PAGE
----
Is HIV the same as AIDS?
HIV (Human Immunodeficiency Virus) is a virus that attacks the white cells from the immune system. If HIV is not treated, it can lead to AIDS (Acquired Immunodeficiency Syndrome). Having HIV does not mean you have AIDS and AIDS status can be avoided with the proper medication.
How is HIV transmitted?
The most common ways HIV is transmitted is via unprotected sexual intercourse, from mother to children during pregnancy or by sharing needles with other people. HIV is NOT transmitted by insect bites, saliva or skin contact. Intimate interactions that do not involve exchange of sexual fluids are completely safe.
Are there any symptoms of HIV?
While some people do not develop any symptoms, most people will show flu-like symptoms 2-4 weeks after their first contact with the virus. HIV symptoms can be very easily confused with other infections so the only way to get an accurate diagnosis is to get tested.
Who should get tested? How to do it?
Once you have started your sexual life, it is recommended to get a HIV test at least once a year no matter what your sexual orientation or habits are. Remember that the worst HIV status is the unknown. If you are an international student in the U.S. and believe you may have been in contact with the virus or just want to get a routine HIV test, here is what you can do:
Most rapid antigen/antibody tests in the U.S. are available for free or at a reduced cost. You can ask your health provider for it or visit gettested.cdc.gov to find a site to get tested close to you. Testing is fast and confidential and you will very probably receive results the same day. If an initial rapid HIV test is positive, the person should go to a health care provider to get follow-up testing.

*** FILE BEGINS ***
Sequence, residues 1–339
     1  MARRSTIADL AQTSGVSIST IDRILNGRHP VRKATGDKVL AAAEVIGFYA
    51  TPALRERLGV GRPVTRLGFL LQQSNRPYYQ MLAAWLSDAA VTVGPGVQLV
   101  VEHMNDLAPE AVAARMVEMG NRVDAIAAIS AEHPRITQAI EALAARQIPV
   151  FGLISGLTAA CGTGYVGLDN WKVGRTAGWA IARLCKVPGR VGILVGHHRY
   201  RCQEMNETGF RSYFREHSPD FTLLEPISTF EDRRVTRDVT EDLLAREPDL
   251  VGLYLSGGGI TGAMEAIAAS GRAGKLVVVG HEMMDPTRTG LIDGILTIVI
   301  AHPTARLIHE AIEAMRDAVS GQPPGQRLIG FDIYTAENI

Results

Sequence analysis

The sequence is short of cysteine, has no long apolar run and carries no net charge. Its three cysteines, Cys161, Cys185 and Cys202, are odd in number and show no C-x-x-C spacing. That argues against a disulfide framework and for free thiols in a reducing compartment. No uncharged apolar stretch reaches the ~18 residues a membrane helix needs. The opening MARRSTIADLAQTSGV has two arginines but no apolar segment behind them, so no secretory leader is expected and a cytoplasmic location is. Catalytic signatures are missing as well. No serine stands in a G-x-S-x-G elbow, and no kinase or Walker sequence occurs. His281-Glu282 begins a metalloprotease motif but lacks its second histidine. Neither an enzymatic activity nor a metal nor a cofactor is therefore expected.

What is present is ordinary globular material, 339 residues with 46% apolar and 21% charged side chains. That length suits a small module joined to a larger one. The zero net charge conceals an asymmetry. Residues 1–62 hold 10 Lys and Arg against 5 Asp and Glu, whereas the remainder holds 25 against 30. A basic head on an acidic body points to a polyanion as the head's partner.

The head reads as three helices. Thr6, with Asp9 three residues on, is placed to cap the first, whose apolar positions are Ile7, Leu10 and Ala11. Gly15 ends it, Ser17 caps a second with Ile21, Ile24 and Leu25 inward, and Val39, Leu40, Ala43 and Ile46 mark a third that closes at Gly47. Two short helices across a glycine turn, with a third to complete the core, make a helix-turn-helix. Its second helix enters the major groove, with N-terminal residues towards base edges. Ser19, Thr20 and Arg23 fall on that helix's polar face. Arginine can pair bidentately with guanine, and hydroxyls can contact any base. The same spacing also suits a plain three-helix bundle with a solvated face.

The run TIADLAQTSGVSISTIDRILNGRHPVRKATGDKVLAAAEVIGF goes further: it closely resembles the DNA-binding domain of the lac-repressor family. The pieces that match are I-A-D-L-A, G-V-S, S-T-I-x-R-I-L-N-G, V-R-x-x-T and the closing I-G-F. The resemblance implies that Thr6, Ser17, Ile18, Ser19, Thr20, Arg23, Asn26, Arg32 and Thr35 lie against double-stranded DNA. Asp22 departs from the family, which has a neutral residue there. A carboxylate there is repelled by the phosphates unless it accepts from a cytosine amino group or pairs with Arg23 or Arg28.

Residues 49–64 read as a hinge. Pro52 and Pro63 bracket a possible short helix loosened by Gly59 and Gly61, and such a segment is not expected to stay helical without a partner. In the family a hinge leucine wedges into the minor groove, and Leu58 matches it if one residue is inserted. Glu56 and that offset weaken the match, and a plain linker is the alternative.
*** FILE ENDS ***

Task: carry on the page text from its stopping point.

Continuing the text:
What should I do if I test positive?
If an initial rapid HIV test is positive, you should get follow-up testing to corroborate the diagnosis.
Getting a HIV positive test is life changing and can make you feel overwhelmed. You may have lots of questions and concerns. It is normal to feel sadness, hopelessness or anger. The first thing you need to remember is that HIV can be treated effectively with ARV medicine. This medicine help people living with HIV live long, healthy lives and can make the virus not transmissible to sexual partners or children.
HIV treatment is excluded in many student/travel health insurance plans. However, there are several resources that can help people living with HIV get the medicines they need:
· AIDS Drug Assistance Programs (ADAPs): These programs make HIV medicines and other services available to people who are living with HIV and who do not have sufficient health insurance or who need financial assistance.
· Gilead’s Advancing Access® Program: This assistance program helps people afford their HIV medication with or without insurance coverage.
Another important resource for people living with HIV are peer support groups. Sharing experiences with other people can be really helpful to cope with the challenges of living with HIV. It has shown to improve people’s life quality and reduce stress, anxiety and depression. You can find a list of HIV online support groups here.
Getting HIV is not a death sentence. With the appropriate treatment, you can live a regular healthy life. There are plenty of programs that give assistance and guidance to people living with HIV to make the process smoother.
Additional Information :
Ways to stop HIV stigma and discrimination: